I don’t usually bother planting bulbs each year. Those in the front garden – crocus, grape hyacinths and dwarf narcissi – have been there for several years, with the addition of alliums and nectaroscordum in autumn 2020.
In the back garden, I have daffodils and narcissi rescued from various borders and dumped in pots. Apart from an all too brief few weeks in spring, they live at the back of the garage. The only things I took any trouble with last year were my four ‘Blue’ pots containing Pickwick crocus, anemone Blanda Bleu, and grape hyacinths.
This year, however, I ordered some new bulbs (snowdrops x 50, anemone Blanda Alba x 20, and white fritillery x 15) which arrived on 6 October and had to be dealt with. (I’ve just noticed that the anemone is ‘White Splendour’ but have no idea if they are the same as ordered or a substitution, not that it matters. A white anemone is a white anemone is a white anemone!)
Unless you want to see wall-to-wall white cosmos or arty shots of colourful leaves drifting silently to the ground, you’re stuck with what I’ve been able to scrape from the bottom of the gardening barrel, which isn’t much (and some isn’t even from my garden). But they are all I have to show for this week’s Six on Saturday hosted by The Propagator.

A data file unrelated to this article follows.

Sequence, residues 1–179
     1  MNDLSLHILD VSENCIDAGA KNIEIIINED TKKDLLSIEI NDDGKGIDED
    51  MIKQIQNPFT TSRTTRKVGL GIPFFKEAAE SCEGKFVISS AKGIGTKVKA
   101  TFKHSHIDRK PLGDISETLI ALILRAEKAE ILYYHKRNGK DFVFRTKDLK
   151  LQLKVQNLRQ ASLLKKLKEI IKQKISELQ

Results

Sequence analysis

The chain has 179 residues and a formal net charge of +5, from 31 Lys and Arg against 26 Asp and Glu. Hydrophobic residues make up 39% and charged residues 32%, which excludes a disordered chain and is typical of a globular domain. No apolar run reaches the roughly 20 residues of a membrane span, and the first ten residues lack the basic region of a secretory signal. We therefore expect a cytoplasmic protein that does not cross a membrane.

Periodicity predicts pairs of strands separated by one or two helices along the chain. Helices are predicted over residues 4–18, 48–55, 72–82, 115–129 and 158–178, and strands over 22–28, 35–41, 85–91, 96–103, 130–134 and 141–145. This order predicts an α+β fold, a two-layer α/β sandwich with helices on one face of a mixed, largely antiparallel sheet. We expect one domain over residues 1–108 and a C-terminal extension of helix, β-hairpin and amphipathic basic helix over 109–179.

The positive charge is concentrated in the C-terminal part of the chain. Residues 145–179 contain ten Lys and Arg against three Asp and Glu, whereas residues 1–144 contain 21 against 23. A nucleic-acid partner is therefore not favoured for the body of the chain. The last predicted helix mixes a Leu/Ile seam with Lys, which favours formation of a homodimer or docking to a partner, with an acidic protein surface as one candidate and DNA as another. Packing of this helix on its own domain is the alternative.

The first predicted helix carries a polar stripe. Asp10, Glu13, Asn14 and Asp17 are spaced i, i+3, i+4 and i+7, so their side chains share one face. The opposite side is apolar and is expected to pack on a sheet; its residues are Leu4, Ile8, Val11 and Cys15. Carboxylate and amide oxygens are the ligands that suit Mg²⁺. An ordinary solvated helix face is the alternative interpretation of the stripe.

Raspberry ‘Yummy’ is still bearing fruit in mid-October (of which two were eaten by me literally the minute the shutter had clicked); which still begs the question – is it summer or autumn fruiting, and when should I prune it?
Good morning from a very grey and drab part of North Wales though not foggy as I believe it is ‘down south’. Showers are forecast for later in the day so we’ve taken a chance and hung washing out. I doubt it will be there for very long. My husband will have to keep an eye on the weather as I’m about to start the second week of my course as soon as I’ve posted this week’s Six on Saturday, courtesy of The Propagator.
Welsh onions – aka Japanese bunching onions – my red onions have finally grown to a reasonable size; the white remain tiny, like spring onion seedlings. Unfortunately, my brother failed to listen to instructions for the two clumps I gave him – separating them out into singles rather than planting each clump as it was – and he’s now complaining that they’re not bunching!